Okay, we aren’t great at buying local – I am not driving an hour to the closest farmer’s market – but we do support local businesses. A mom and pop burger joint about a mile from our house and the self-serve frozen yogurt shop down the street a block gets at least $10 each from us every week, lol. I’d choke on my tongue before buying $4 eggs…


Sandy L June 11, 2011 at 6:17 AM

Crystal – Food has always been one of those things that I splurged on my budget. I’d rather spend more on food and less on clothing and toys. No way I’m buying generic tuna that’s a pile of mush water..been there, done that. Plus, my mom was a farmer so I have a soft spot for them.

But it’s not for everybody. If you want to support a local business but are okay getting everything from the grocery, you can do it with restaurants, christmas gifts, art, services etc. I’m sure there are some people who’d rather get a massage than eat exotic cheese, and that’s ok.


Everyday Tips June 10, 2011 at 7:59 PM

You are so lucky to have such easy access to such great foods! I am living with a lot of envy right now.

I would pay the money for the vanilla too. I bought imitation vanilla and used it once and wanted to throw out the cookies I made. With vanilla, you truly get what you pay for.

I have never bought eggs anywhere except the grocery store. I buy ‘egglands best’, which I think are around 2.79 a dozen, but I usually have a coupon which brings them to around 2.00. However, I would love to get fresh eggs locally. I do know we have a farmers market too far from here, but I never heard great things about it.


Sandy L June 11, 2011 at 6:21 AM

Kris – I am lucky. I have lots of farms everywhere and upstate NY and VT is plastered with them. I remember your vanilla article. Well I know you have cherries up there in the summer.


Moneycone June 11, 2011 at 8:29 AM

“What kind of chickens produces $4 eggs” LOL! Can’t argue with that!


frugalscholar June 12, 2011 at 5:38 PM

I’ve been reading around your wonderful blog. This one resonated with me because I can’t spend so much on farm eggs either! Just cannot do it. Also, I visit your neck of the woods every summer and I loved reading about the familiar places–and pizza.


Sandy L June 13, 2011 at 5:17 PM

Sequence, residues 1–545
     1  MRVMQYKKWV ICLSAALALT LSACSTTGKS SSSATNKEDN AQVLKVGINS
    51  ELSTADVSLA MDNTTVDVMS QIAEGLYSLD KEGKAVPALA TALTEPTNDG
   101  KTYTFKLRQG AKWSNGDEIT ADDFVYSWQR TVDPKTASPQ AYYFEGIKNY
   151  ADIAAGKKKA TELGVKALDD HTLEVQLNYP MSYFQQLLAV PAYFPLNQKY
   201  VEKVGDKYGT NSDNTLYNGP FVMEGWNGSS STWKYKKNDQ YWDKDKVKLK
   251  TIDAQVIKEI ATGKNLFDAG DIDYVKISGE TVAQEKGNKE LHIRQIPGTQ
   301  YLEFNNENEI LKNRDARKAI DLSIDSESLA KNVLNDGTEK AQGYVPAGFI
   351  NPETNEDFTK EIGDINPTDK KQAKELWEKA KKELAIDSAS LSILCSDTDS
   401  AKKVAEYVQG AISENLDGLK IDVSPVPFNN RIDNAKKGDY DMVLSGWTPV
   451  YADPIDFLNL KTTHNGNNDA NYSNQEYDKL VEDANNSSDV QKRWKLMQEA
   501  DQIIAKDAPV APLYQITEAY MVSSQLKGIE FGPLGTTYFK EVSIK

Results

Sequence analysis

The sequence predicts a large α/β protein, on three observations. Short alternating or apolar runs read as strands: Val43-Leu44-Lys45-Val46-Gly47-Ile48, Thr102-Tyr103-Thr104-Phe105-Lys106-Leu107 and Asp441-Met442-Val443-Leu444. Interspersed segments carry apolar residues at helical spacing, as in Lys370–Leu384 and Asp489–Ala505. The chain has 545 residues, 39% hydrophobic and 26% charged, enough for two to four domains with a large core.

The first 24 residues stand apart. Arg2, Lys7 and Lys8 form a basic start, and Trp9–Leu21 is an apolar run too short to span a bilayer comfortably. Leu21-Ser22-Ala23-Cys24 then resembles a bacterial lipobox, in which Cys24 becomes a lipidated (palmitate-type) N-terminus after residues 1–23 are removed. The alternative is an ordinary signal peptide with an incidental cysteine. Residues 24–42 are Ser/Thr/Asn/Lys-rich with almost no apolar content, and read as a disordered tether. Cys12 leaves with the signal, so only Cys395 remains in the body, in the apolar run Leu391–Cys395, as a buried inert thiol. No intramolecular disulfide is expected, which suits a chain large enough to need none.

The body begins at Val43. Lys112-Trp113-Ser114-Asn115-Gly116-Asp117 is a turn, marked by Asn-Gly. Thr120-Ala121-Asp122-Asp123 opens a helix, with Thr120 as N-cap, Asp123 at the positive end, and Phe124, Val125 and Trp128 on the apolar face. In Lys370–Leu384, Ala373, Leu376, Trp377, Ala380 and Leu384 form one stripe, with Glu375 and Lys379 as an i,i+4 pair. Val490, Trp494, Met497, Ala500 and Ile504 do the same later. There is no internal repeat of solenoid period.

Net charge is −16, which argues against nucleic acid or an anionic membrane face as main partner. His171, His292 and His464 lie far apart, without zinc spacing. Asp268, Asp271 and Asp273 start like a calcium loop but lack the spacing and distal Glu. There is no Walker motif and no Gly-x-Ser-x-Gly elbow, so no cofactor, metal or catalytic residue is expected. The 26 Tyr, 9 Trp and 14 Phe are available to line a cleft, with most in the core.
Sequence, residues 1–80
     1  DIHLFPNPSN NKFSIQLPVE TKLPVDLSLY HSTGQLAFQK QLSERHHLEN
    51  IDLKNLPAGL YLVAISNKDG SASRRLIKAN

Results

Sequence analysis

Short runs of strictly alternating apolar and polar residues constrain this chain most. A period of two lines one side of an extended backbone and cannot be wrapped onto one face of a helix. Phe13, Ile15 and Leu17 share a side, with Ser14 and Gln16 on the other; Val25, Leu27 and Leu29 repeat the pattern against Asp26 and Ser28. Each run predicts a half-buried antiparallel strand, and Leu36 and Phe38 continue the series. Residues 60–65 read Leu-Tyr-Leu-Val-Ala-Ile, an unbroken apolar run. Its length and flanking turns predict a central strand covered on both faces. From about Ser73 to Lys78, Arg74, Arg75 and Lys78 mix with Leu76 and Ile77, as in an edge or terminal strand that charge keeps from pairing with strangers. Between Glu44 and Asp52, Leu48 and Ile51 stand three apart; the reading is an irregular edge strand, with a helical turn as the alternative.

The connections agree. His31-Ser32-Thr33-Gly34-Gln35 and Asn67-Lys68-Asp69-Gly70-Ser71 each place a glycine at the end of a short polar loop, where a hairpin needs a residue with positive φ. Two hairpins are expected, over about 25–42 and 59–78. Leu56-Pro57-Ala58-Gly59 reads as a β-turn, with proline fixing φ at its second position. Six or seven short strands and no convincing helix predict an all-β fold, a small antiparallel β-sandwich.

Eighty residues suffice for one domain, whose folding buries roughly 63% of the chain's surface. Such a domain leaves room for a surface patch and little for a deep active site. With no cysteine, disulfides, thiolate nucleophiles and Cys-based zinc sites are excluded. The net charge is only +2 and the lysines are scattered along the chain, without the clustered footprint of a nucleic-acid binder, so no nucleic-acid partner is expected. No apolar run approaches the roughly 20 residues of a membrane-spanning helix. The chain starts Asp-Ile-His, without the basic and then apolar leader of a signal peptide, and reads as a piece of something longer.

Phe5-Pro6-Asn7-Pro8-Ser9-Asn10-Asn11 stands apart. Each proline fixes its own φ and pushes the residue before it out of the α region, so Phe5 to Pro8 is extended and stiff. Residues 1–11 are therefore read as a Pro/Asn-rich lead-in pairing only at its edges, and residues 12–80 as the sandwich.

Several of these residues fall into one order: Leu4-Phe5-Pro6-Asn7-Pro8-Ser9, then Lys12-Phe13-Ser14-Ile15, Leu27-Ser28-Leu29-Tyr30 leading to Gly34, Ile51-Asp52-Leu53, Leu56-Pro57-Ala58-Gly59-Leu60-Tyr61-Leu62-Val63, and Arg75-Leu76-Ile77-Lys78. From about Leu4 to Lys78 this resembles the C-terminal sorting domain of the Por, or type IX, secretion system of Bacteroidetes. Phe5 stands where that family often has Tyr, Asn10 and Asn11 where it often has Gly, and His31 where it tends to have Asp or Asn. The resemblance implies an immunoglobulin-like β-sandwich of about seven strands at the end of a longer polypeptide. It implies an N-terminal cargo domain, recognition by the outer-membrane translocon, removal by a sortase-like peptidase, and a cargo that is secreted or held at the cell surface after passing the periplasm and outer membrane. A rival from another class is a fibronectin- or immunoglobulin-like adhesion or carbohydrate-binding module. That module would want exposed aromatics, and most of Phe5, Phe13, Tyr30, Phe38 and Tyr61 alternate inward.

Frugal Scholar – If you are in the area shoot me an email. I’d love to meet up with you. Baba Louis is the best isn’t it?


Kay Lynn @ Bucksome Boomer June 12, 2011 at 7:58 PM

I can’t imagine paying $4 for a dozen eggs. I do insist on buying eggs from our state, but Costco, Henry’s and other grocery stores carry them.


Sandy L June 13, 2011 at 5:20 PM

Kay – I just found another place that charges $6. I don’t know how it can be seen as anything but charity paying that much of a markup. It doesn’t take many items with that big a price delta to put a big negative dent in the food budget.


Molly On Money June 13, 2011 at 9:15 AM

I sell my eggs for $3/dozen which is $1 less than the organic ones in the grocery store. It pays for my feed but I don’t make a profit. I sell my whole chickens for $4.50/lb which is almost $1 less than the organic ones in the store or at the farmers market. Again, I don’t make a profit. I break even and get my own poultry free. It’s tough because I want the food I sell to be affordable but unless I increase the size of the operation I can’t pull a profit.
I myself hate spending high prices for food and if I can’t afford local and organic I go with local first.
Great post, Sandy!


Sandy L June 13, 2011 at 5:26 PM

Molly – that is exactly what Star’s Hollow Farm is. It’s just a small family who likes fresh eggs and chicken. I’m sure they don’t make a profit but use the egg proceeds to help subsidize the cost of having their own eggs and birds. I am so happy to support someone’s attempt at healthy living and get good eggs in return. Even with local eggs there is usually a middleman or two involved unless you go right to the source. The last $6 batch I saw is being sold by one farm on behalf of another, so there are two profit margins built into that equation.


Little House June 13, 2011 at 2:22 PM

I still haven’t gotten in on the local food kick. We have plenty of local produce near us, and some of it even ends up in our grocery stores, but trying to find milk, eggs and meat is a little more challenging. If we ever do move further north, it would be a lot easier since it’s a little more rural. Thanks for suburban sprawl, our closest farms are still a good hour away. ;(


Sandy L June 13, 2011 at 5:15 PM

Little House – I think just being in CA means that most of your produce is local, so you get brownie points just because of where you live. I’ve been doing a little research. Our local meet is crazy expensive. Still shopping around. There’s a meat CSA that has some promise but I haven’t called on prices yet.


Squirrelers June 13, 2011 at 10:42 PM

I’d like to eat more local, fresher produce….but being in suburban Chicago we would have to trek to outside this mammoth metro area to outlying farms – or go to some farmers markets. It may take a lot more effort around here, but admittedly I haven’t given it the requisite thought.

One thing I can tell you, from my suburbanite experience, is that a 2.5 hour trip to Michigan to a blueberry farm (or is it patch? field?) showed me how good fresh foods can be. After picking the berries and washing them right away, I ate them – literally a few minutes after they were still unpicked. Anyway, they tasted WAY better and more flavorful than store bought “fresh” produce.